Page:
How Pornography Is Transforming Our Lives, Our Relationships, and Our
Families. New York: Henry Hold and Co., 75; Doidge, N. (2007). The Brain That
Changes Itself. New York: Penguin Books, 107; What Is Oxytocin, Psychology
Today, http://www.psychologytoday.com/basics/oxytocin
[6] Doidge, N. (2007). The Brain That Changes Itself. New York: Penguin Books,
106;
Kauer, J. A., and Malenka, J. C. (2007). Synaptic Plasticity and Addiction. Nature
Reviews Neuroscience 8: 844–858; Mick, T. M. and Hollander, E. (2006). Impulsive-
Compulsive Sexual Behavior. CNS Spectrums, 11(12):944-955; Nestler, E. J.
(2005). Is There a Common Molecular Pathway for Addiction? Nature Neuroscience
9, 11: 1445–1449; Leshner, A. (1997). Addiction Is a Brain Disease and It
Matters. Science 278: 45–7.
[7] Doidge, N. (2007). The Brain That Changes Itself. New York: Penguin Books,
106; Nestler, E. J. (2005). Is There a Common Molecular Pathway for Addiction?
Nature Neuroscience 9, 11: 1445–1449.
[8] Doidge, N. (2007). The Brain That Changes Itself. New York: Penguin Books,
106;
Nestler, E. J. (2005). Is There a Common Molecular Pathway for Addiction? Nature
Neuroscience 9, 11: 1445–1449.
[9] Hilton, D. L. (2013). Pornography Addiction—A Supranormal Stimulus Considered
in the Context of Neuroplasticity. Socioaffective Neuroscience & Psychology
3:20767; Pitchers, K. K., Vialou, V., Nestler, E. J., Laviolette, S. R., Lehman, M.
N., and Coolen, L. M. (2013). Natural and Drug Rewards Act on Common Neural
Plasticity Mechanisms with DeltaFosB as a Key Mediator. Journal of Neuroscience
33, 8: 3434-3442; Hedges, V. L., Chakravarty, S., Nestler, E. J., and Meisel, R. L.
(2009). DeltaFosB Overexpression in the Nucleus Accumbens Enhances Sexual
Reward in Female Syrian Hamsters. Genes Brain and Behavior 8, 4: 442–449;
Hilton, D. L., and Watts, C. (2011). Pornography Addiction: A Neuroscience Perspective.
Surgical Neurology International, 2: 19; (http://www.ncbi.nlm.nih.gov/
pmc/articles/PMC3050060/)
Miner, M. H., Raymond, N., Mueller, B. A., Lloyd, M., Lim, K. O. (2009). Preliminary
Investigation of the Impulsive and Neuroanatomical Characteristics of
Compulsive Sexual Behavior. Psychiatry Research 174: 146–51; Angres, D. H.
and Bettinardi-Angres, K. (2008). The Disease of Addiction: Origins, Treatment,
and Recovery. Disease-a-Month 54: 696–721; Doidge, N. (2007). The Brain That
Changes Itself. New York: Penguin Books, 107.
[10] Angres, D. H. and Bettinardi-Angres, K. (2008). The Disease of Addiction:
Origins, Treatment, and Recovery. Disease-a-Month 54: 696–721; Doidge, N.
(2007). The Brain That Changes Itself. New York: Penguin Books, 102.
[11] Pitchers, K. K., Vialou, V., Nestler, E. J., Laviolette, S. R., Lehman, M. N.,
and Coolen, L. M. (2013). Natural and Drug Rewards Act on Common Neural
Plasticity Mechanisms with DeltaFosB as a Key Mediator. Journal of Neuroscience
33, 8: 3434-3442; Angres, D. H. and Bettinardi-Angres, K. (2008). The Disease
of Addiction: Origins, Treatment, and Recovery. Disease-a-Month 54: 696–721;
Doidge, N. (2007). The Brain That Changes Itself. New York: Penguin Books, 105;
Paul, P. (2007). Pornified: How Pornography Is Transforming Our Lives, Our
Relationships, and Our Families. New York: Henry Hold and Co., 75.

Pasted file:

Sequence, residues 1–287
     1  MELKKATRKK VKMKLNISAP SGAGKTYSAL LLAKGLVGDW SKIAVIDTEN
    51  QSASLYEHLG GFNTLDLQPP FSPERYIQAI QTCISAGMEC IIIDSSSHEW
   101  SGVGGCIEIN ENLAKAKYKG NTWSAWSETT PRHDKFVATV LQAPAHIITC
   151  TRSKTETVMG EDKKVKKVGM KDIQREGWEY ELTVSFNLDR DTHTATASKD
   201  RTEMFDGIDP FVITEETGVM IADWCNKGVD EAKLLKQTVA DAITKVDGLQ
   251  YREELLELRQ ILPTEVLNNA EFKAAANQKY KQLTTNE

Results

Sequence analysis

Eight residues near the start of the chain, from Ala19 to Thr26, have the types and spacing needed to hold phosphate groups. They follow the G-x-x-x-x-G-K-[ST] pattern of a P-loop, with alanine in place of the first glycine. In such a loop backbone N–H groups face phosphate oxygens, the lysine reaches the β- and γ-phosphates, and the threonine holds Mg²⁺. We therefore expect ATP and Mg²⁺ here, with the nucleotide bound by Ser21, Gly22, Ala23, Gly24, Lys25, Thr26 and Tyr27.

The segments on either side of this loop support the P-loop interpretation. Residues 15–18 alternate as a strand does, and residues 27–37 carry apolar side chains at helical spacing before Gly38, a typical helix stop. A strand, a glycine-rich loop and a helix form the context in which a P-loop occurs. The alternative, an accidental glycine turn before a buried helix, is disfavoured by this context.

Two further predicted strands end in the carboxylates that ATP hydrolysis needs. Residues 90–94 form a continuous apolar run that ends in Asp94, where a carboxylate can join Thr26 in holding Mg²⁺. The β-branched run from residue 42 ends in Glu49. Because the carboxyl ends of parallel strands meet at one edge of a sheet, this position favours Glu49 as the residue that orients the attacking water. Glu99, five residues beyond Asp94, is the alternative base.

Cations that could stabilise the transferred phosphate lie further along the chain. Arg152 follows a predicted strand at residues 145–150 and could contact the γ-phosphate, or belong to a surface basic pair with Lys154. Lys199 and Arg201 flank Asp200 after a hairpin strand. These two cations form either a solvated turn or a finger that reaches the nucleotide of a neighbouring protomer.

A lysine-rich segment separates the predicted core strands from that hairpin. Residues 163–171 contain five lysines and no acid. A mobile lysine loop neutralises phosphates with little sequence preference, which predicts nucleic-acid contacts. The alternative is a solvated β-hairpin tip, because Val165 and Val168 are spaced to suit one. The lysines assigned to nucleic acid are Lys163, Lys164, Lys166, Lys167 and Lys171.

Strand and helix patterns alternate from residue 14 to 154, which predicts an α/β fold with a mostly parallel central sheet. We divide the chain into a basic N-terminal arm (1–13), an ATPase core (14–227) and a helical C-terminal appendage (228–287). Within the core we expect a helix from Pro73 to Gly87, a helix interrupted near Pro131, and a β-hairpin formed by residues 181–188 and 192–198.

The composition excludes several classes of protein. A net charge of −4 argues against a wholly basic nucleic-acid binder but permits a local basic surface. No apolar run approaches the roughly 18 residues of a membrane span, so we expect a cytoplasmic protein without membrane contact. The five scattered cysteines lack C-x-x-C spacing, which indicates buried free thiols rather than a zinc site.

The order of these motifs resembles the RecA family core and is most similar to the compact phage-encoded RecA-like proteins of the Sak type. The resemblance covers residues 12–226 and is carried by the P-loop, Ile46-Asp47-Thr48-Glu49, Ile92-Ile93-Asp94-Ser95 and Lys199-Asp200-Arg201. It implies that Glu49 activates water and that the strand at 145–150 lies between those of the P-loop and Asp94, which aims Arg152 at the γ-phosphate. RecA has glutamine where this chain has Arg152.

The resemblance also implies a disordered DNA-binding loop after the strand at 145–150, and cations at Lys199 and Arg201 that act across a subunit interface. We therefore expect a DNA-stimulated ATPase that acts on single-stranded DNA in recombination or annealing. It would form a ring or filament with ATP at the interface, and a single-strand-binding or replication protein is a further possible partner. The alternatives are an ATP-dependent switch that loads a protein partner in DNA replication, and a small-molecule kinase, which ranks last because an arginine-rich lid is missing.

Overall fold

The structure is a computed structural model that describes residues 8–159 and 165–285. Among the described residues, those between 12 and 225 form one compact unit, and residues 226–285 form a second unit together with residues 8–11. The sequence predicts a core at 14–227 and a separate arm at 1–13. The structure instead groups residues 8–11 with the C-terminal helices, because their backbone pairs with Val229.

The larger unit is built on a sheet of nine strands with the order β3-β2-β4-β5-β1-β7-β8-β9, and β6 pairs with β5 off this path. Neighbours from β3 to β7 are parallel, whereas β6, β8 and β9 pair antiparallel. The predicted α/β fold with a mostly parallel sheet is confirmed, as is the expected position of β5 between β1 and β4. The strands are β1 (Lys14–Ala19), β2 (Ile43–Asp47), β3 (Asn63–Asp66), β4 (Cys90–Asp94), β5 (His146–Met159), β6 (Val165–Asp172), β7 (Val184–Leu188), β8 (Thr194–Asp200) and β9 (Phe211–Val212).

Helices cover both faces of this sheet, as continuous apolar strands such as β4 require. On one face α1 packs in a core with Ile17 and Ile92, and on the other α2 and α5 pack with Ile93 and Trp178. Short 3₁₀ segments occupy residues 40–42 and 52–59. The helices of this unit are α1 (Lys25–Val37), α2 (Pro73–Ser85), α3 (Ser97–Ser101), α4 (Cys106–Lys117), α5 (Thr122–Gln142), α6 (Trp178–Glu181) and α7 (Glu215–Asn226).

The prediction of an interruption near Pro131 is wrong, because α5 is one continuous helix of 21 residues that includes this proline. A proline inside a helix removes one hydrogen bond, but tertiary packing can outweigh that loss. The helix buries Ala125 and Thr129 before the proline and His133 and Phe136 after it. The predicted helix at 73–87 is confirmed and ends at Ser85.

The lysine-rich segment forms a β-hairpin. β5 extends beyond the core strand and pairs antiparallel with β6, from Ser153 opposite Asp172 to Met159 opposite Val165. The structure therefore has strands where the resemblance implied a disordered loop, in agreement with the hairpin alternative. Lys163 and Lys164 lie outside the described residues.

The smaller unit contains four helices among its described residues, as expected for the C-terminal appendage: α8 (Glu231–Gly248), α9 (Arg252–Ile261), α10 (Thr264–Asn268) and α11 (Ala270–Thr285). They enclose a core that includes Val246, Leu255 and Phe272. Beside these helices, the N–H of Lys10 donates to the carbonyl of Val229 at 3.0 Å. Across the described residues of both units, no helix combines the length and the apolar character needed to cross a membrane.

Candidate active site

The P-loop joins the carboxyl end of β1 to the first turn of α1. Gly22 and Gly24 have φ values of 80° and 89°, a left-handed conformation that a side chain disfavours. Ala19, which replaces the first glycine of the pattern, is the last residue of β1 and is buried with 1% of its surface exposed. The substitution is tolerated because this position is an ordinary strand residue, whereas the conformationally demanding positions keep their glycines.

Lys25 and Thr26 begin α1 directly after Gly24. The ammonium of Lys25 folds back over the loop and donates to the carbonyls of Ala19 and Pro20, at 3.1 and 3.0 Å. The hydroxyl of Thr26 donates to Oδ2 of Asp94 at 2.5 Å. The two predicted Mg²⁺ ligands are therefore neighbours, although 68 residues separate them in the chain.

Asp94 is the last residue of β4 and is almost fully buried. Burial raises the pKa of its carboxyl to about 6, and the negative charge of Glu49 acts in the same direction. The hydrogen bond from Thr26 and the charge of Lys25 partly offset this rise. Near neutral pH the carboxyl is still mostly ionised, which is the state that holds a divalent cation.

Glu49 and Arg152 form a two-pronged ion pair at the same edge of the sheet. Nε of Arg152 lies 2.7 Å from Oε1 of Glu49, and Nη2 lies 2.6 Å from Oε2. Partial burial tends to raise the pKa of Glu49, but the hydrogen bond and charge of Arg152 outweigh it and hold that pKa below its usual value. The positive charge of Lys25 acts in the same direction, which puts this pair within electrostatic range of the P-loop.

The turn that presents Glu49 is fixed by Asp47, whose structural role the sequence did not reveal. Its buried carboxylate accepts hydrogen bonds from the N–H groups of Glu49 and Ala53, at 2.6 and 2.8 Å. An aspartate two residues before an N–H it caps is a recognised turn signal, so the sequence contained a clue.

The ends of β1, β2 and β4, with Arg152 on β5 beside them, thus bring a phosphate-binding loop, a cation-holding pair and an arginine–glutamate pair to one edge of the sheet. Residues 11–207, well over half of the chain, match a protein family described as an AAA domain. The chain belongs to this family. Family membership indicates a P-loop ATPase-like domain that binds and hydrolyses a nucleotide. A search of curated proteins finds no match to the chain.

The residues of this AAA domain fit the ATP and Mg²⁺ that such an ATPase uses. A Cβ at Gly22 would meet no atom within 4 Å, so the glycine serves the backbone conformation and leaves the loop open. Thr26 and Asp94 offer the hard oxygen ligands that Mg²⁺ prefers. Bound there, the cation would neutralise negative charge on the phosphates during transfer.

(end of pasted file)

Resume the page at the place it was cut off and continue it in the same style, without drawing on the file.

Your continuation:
[12] Hilton, D. L., and Watts, C. (2011). Pornography Addiction: A Neuroscience
Perspective. Surgical Neurology International, 2: 19; (http://www.ncbi.nlm.nih.
gov/pmc/articles/PMC3050060/) Angres, D. H. and Bettinardi-Angres, K. (2008).
The Disease of Addiction: Origins, Treatment, and Recovery. Disease-a-Month 54:
696–721.
[13] Angres, D. H. and Bettinardi-Angres, K. (2008). The Disease of Addiction:
Origins, Treatment, and Recovery. Disease-a-Month 54: 696–721; Zillmann, D.
(2000). Influence of Unrestrained Access to Erotica on Adolescents’ and Young
Adults’ Dispositions Toward Sexuality. Journal of Adolescent Health 27, 2: 41–44.
[14] Angres, D. H. and Bettinardi-Angres, K. (2008). The Disease of Addiction:
Origins, Treatment, and Recovery. Disease-a-Month 54: 696–721; Berridge, K. C.
and Robinson, T. E. (2002). The Mind of an Addicted Brain: Neural Sensitization
of Wanting Versus Liking. In J. T. Cacioppo, G. G. Bernston, R. Adolphs, et al.
(Eds.) Foundations in Social Neuroscience (pp. 565–72). Cambridge, Mass.: MIT
Press.
[15] Paul, P. (2007). Pornified: How Pornography Is Transforming Our Lives, Our
Relationships, and Our Families. New York: Henry Hold and Co., 75; Caro, M.
(2004). The New Skin Trade. Chicago Tribune, September 19; Brosius, H. B., et al.
(1993). Exploring the Social and Sexual “Reality” of Contemporary Pornography.
Journal of Sex Research 30, 2: 161–70.
[16] Satinover, J. (2004). Senate Committee on Commerce, Science, and Transportation,
Subcommittee on Science, Technology, and Space, Hearing on the Brain
Science Behind Pornography Addiction and Effects of Addiction on Families and
Communities, November 18.

Source of arcticle:  http://fightthenewdrug.org/porn-addiction-escalates/

 

5 Stages of Pornography Addiction

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**this article originally appeared here:  http://newsok.com/article/5407775

About 83 percent of pornography addicts are men, and one in three is a woman. The largest users of online pornography are 12 to 17-year-olds. Teenagers. Fifty-six percent of divorces involve one spouse with a pornography addiction (mind-armor.com). Yes, addiction—not just viewing for recreational pleasure, but viewing it because it becomes a compulsion and the addict can’t think of or do anything else.